The Twin Cities JACL and Historic Fort Snelling co-sponsored an artists’ panel titled “Art, Identity and Community” on Sept. 23 at the Historic Fort Snelling Visitors Center in St. Paul, Minn.
Moderated by Kerry Morgan, director of Gallery and Exhibition Programs at the Minneapolis College of Art and Design, four local Minnesota artists shared their personal histories, as well as presented a selection of their past and current projects.
Painter Leslie Barlow and photographers Wing Young Huie, John Matsunaga and Steve Ozone have varied backgrounds, but they engaged the audience by sharing their experiences within their communities, especially in regard to marginalization, invisibility, stereotyping, racism and historical trauma.
In addition, each speaker offered insights into how the experiences of the communities to which they belong help shape their identities and influence their artistic work.
Les Suzukamo, a former Twin Cities JACL board member, and his wife, Karen, helped to support the exhibit and programs. He acknowledged that the artists’ panel gave him an appreciation of the challenges and rewards of exploring social issues through art.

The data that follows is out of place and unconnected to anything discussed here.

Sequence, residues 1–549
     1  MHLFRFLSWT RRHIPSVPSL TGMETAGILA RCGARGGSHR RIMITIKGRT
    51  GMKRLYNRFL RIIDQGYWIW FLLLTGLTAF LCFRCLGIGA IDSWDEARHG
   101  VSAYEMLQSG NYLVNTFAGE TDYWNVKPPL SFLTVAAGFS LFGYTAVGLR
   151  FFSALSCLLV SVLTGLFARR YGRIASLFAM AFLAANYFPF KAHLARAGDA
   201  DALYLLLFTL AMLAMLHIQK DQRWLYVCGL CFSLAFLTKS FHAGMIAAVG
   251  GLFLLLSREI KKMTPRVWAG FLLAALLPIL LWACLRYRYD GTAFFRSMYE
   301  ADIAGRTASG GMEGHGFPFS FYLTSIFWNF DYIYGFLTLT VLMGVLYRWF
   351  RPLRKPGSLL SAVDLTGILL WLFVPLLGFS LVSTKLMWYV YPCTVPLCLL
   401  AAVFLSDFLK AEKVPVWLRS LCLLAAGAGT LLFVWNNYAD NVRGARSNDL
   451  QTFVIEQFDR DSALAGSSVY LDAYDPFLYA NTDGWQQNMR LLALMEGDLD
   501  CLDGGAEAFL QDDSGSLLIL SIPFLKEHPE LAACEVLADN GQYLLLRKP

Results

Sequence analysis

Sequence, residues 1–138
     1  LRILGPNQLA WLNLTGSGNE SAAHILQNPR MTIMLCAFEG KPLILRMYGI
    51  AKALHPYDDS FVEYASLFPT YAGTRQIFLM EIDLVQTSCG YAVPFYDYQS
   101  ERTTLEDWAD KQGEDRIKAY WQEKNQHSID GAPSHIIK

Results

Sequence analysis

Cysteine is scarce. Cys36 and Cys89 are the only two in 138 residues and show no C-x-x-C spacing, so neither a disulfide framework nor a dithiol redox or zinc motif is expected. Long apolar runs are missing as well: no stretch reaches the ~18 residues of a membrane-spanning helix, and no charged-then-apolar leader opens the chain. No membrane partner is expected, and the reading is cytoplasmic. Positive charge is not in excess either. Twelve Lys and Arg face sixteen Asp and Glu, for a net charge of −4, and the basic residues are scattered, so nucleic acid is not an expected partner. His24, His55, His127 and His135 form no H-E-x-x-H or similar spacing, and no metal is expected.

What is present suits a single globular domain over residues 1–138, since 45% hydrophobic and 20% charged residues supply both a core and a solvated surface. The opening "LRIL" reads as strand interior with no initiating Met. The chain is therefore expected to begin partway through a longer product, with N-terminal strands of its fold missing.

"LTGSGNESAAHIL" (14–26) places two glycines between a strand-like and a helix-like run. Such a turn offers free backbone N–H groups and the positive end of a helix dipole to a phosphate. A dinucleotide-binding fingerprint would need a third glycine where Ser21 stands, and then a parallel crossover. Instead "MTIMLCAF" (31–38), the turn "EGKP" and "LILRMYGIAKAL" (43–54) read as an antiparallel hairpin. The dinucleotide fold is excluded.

“Even generations after my grandparents arrived, Asians and other people of color still are not fully accepted as part of the American family. … We remain, in too many ways, present but still invisible,” Suzukamo said. “The work of these artists punches through that invisibility in the arresting ways of all good art, and I hope they spark new narratives that can be added to the conversation in the broader community of what it means to be American, to be Minnesotan and to be human.”
The panel is the third in a series of free community programs held in conjunction with photographer Paul Kitagaki Jr.’s exhibition “Gambatte! Legacy of an Enduring Spirit: Japanese American WWII Incarceration, Then & Now.”
The exhibit viewing is free and open to the public on Saturdays from 10 a.m.-5 p.m. through Oct. 28 at the Historic Fort Snelling Visitors Center located at 200 Tower Ave.
For more information, visit historicfortsnelling.org or call (612) 726-1171.